On July 1, 1946, at 9 o’clock in the morning, an atomic bomb exploded with a force of 23,000 tons above Bikini, a coral atoll in the South Pacific hitherto virtually unheard of. More than six disarmed warships of the Japanese and American fleets were sunk and more than twice that number were seriously damaged.
Weather conditions were ideal for the test; the sky was clear and there was no wind at all. All at once, an enormous column of smoke towered above the archipelago. At the foot of it was what seemed like a ball of fire. At first blindingly white, it then turned orange, wine-red, and finally greyish green. The cloud of smoke – some 33,000 feet (10,000 metres) high, according to onlooking aircraft pilots’ estimates – was regularly penetrated by radio-controlled planes containing live guinea-pigs and banks of highly sensitive scientific measuring apparatus.
This was the first “official” nuclear experiment since the end of World War II, in which the bombs dropped so devastatingly on Hiroshima and Nagasaki. All the major newspapers made much of its effects on the paradise that had been the Southern Seas, their reports motivated, at least partially, by propaganda. The United States, the sole atomic power of the age, was demonstrating to its Soviet adversaries the terrifying extent of that power.
Incorporated into that propaganda were rumours about the bomb’s potentially destructive effect on the planet. These were rumours spread at informal levels that kept circulating due to genuine fears and concerns. Yet the world continued on as it always had, and humanity very soon felt confident enough to declare in a French newspaper that, “the Earth has not been turned to liquid, the sky not become streaked with flames, the oceans not dried up into rocky deserts.”
All the same, from a military point of view, the outcome – apart from finding out what the atomic bomb was capable of when exploded over water – was nothing less than a complete fiasco. By no means all of the target ships, painted bright yellow and orange for the occasion, had been sunk, and the primary target vessel, the battleship Nevada, had mostly escaped damage altogether. The Soviet Russian observers, admitted to the atoll by the Americans, left smirking. Grudgingly, a US admiral conceded that the bomb should only be used against maritime targets in combination with some other more detonative weapon, a torpedo, perhaps.
American hopes for the test results were thus frustrated, and accordingly, the name “Bikini” became familiar all over the world shorn of any of its potentially frightening connotations.
Only four days later, on July 5, in a public swimming pool in Paris where a beauty contest was in process, there was a minor sensation. Of only slightly scandalous value, it was nonetheless enough to make the term bikini famous forever. The promoter of the beauty contest, a certain Louis Réard, a clothing designer, used the opportunity to introduce his own latest creation.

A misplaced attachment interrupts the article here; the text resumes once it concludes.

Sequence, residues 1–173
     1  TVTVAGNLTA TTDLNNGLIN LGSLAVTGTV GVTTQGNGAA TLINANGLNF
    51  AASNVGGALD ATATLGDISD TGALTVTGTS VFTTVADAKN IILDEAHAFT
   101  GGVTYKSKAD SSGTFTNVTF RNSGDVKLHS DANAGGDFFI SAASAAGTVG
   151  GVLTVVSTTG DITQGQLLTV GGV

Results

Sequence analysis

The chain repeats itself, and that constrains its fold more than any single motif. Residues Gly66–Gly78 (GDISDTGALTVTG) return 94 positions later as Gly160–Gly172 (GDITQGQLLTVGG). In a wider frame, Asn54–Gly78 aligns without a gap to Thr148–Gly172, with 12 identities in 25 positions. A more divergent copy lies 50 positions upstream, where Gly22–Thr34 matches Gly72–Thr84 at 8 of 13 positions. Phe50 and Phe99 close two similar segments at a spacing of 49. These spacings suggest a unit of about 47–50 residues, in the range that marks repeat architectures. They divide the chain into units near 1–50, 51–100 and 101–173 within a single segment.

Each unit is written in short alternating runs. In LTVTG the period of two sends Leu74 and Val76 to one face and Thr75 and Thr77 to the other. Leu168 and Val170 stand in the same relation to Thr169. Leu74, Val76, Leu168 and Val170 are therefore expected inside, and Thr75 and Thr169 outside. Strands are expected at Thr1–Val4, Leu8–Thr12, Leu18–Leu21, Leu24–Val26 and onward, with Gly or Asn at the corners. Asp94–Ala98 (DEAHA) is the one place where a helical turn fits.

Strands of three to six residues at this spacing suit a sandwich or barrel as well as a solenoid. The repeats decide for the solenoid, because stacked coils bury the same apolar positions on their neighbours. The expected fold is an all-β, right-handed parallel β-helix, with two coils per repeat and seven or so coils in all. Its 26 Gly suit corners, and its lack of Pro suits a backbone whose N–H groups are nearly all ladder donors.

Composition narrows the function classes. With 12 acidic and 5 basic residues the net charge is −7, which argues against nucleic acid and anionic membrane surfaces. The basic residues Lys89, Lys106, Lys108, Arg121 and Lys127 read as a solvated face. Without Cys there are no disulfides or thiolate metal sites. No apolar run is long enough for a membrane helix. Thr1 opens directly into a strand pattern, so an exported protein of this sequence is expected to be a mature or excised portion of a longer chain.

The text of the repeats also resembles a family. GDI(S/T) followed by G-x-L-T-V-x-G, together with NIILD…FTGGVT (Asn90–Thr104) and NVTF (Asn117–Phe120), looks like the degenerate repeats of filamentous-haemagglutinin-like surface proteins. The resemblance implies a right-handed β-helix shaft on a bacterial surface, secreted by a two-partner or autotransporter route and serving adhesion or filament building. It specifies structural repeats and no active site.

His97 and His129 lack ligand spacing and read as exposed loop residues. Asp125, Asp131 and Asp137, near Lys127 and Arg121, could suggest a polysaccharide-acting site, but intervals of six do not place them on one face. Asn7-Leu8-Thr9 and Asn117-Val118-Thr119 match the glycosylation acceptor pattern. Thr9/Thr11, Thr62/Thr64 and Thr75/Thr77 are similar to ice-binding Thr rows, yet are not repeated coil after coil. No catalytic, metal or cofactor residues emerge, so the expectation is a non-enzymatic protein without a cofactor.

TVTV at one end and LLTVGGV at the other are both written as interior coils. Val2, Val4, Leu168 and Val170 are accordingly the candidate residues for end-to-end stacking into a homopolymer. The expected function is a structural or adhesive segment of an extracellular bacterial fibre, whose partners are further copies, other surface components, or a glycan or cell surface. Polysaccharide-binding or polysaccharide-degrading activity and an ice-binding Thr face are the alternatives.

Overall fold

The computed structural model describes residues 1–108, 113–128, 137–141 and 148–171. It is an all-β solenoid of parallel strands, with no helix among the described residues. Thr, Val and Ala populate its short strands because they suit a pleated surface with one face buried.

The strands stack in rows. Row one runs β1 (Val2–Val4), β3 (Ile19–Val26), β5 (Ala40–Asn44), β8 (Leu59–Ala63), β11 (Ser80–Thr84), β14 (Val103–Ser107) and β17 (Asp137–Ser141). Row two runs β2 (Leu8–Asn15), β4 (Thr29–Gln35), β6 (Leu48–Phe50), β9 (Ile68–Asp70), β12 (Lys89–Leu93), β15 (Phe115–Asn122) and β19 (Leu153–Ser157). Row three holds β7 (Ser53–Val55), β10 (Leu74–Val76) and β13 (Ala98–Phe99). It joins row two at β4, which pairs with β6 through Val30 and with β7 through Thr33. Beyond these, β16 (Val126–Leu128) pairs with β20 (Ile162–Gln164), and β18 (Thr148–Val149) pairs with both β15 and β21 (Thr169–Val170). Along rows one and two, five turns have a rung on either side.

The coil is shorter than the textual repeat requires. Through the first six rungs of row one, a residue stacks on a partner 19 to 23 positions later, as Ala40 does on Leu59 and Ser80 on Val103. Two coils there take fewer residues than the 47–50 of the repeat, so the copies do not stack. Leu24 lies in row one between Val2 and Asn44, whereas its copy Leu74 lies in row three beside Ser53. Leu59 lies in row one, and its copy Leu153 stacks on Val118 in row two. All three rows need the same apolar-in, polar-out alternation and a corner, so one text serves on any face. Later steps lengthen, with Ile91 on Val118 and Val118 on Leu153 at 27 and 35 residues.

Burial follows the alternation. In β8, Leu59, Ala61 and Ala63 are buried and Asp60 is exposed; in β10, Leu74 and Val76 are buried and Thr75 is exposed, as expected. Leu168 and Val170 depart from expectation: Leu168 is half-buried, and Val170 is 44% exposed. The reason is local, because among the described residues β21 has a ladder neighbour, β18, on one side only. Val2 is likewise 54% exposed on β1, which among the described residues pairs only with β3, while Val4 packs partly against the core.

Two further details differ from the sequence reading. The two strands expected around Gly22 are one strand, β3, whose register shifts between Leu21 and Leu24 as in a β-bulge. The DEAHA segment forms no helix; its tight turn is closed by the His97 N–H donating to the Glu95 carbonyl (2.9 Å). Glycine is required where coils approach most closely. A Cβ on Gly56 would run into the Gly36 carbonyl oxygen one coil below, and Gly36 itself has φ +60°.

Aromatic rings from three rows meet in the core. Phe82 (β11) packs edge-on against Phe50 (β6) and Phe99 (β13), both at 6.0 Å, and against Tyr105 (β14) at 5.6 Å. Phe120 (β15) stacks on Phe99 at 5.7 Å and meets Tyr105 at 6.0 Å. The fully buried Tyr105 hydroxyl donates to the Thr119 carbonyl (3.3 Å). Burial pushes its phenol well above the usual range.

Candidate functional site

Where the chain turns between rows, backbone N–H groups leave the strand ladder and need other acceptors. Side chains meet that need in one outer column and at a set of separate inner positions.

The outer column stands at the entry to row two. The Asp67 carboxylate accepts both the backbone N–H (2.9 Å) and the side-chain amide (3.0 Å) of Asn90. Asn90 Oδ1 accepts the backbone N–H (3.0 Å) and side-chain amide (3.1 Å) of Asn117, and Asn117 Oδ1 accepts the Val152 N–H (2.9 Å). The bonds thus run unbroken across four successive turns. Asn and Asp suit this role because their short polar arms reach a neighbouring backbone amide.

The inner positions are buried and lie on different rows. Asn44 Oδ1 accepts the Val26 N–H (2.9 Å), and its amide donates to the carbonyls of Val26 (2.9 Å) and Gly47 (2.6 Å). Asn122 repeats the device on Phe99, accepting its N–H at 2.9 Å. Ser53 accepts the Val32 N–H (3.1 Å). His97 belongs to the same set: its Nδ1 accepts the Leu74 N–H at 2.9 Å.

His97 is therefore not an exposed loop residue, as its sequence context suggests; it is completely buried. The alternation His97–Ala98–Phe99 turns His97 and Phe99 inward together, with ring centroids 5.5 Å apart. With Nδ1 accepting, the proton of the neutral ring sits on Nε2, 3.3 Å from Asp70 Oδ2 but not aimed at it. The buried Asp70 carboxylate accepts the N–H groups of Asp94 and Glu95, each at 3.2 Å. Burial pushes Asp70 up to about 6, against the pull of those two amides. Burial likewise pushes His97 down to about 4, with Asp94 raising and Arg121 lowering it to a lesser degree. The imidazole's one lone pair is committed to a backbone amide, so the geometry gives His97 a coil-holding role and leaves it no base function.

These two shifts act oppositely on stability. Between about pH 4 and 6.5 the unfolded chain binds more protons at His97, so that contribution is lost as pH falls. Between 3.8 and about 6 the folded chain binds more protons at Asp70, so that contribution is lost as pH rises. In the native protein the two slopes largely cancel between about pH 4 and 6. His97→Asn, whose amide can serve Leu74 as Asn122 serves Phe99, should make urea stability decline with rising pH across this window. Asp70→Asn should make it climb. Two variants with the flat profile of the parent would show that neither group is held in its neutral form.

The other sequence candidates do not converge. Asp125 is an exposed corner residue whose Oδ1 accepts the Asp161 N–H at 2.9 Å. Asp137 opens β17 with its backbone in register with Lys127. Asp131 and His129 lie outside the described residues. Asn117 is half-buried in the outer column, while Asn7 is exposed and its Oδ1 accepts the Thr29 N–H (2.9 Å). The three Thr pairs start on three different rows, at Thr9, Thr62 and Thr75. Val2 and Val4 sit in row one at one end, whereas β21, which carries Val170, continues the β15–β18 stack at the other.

Even before the contest judges’ final verdict, a number of spectators around the edge of the pool had been remarking on how one of the girls (who had been particularly careful to remain facing the audience, as if rapt in thought) had extraordinarily little on. When this girl was then summoned up to the podium as one of the finalists selected by the jury, a murmur of appreciation ran like lightning through the assembly. It was a reaction not to the girl’s own beauty or her personality, but to the costume she was wearing.
Like her companions, she had on a two-piece swimsuit – but hers was of such diminutive dimensions that she seemed more naked than clothed. Her breasts were modestly concealed behind two triangles of cloth held up by a halter strap tied around the neck. The base of the costume was also cut in the shape of a triangle, the widest spread of which was across the abdomen, leaving most of the hips and all of the thighs entirely bare. Only a thin strip of material connected the points of the triangle around the back, well below the level of the navel.
It was a costume that has since become a standard on our beaches today. But to those present at the Molitor Pool on that hot summer afternoon, it was the height of shamelessness and close to obscene.
Thus the bikini was born. It was the first event of a scandal that continued for twenty years. But for the little-known clothing designer specializing in bathing costumes, it was an event that represented the peak of his endeavours. Born at the very end of the nineteenth century, Louis Réard had restricted his activities to beachwear since the 1930s. His avowed ambition was to dress the celebrities of the time in his costumes, Réard costumes. He did make some contact with Maurice Chevalier, among others…
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